My guess is, another reason is that they’re a pain to produce, and since the major advent of the poetry reading craze, most working poets now spend so much time planning, travelling to, and giving readings that there isn’t much performative energy or time left to produce and direct a play (and most of us would likely need to produce and direct our own, as I did for several years). When I used to perform short plays I did it in bookstores with a cast of three, and sets and costumes; now I’m more likely to get someone help me with a dramatic reading of a multivoiced poem–it’s just easier.

    Then there’s the suspicion of artifice that has been such a major influence on mainstream poetry in the last half-century–and what is more artificial than verse drama?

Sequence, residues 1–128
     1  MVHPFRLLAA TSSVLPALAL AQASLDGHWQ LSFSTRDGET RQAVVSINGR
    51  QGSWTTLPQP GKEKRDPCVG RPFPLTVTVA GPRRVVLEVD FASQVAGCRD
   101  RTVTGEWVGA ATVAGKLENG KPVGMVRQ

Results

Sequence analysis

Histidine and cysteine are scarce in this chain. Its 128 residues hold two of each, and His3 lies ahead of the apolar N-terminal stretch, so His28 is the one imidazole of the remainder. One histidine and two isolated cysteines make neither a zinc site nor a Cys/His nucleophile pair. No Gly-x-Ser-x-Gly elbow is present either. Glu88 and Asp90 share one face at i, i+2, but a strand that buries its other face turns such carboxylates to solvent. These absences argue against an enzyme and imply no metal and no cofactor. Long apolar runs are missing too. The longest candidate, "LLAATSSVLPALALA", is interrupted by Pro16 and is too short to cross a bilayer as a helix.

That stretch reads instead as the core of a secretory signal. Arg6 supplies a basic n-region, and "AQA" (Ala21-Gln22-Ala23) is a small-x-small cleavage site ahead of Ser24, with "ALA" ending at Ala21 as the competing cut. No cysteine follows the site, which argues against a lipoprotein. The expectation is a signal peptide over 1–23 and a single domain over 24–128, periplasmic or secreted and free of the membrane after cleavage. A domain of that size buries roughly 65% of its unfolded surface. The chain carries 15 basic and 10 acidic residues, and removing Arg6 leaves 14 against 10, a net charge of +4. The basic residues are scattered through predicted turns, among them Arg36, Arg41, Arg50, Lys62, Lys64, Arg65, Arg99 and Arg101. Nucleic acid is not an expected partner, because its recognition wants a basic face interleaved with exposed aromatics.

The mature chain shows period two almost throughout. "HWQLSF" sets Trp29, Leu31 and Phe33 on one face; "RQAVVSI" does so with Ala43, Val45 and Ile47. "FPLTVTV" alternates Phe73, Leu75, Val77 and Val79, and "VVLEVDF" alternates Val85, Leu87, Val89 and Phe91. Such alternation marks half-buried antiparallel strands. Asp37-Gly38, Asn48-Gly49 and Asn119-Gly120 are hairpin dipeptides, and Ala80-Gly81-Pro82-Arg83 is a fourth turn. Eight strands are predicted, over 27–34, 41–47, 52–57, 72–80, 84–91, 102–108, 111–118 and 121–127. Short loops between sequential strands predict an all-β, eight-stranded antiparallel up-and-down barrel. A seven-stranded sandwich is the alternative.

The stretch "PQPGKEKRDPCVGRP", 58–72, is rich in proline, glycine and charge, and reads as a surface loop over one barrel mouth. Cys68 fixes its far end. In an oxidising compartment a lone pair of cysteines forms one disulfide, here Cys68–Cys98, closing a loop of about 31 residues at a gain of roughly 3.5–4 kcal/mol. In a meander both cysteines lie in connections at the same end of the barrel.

Though that may be changing…I saw a wonderfully adept verse drama, a comedy that was really well-written in meter, at the Public Theater a few years ago–”Measure for Pleasure” by David Grimm.

    Then there’s Carla Harryman and Kevin Killian. . .

    I’m looking forward to the rest of the discussion, thanks again, Annie

  • On July 10, 2009 at 9:52 am Joel Brouwer wrote:

    Justin,

    I take your points and hasten to say that I don’t think theater is dying nor do I wish it to. I was merely reciting possible explanations of the dearth of contemporary verse dramas appearing these days in print or on stage.

    I’m now tempted to start up a conversation about contemporary drama in general (starting with: why is so much of it so wretchedly bad?) but I’m not going to, because my main interest here is specifically verse drama.

    Thanks for writing in.

    Joel

  • On July 10, 2009 at 10:08 am Joel Brouwer wrote:

    Thanks to you all for your comments! I’m delighted with and grateful for the conversation.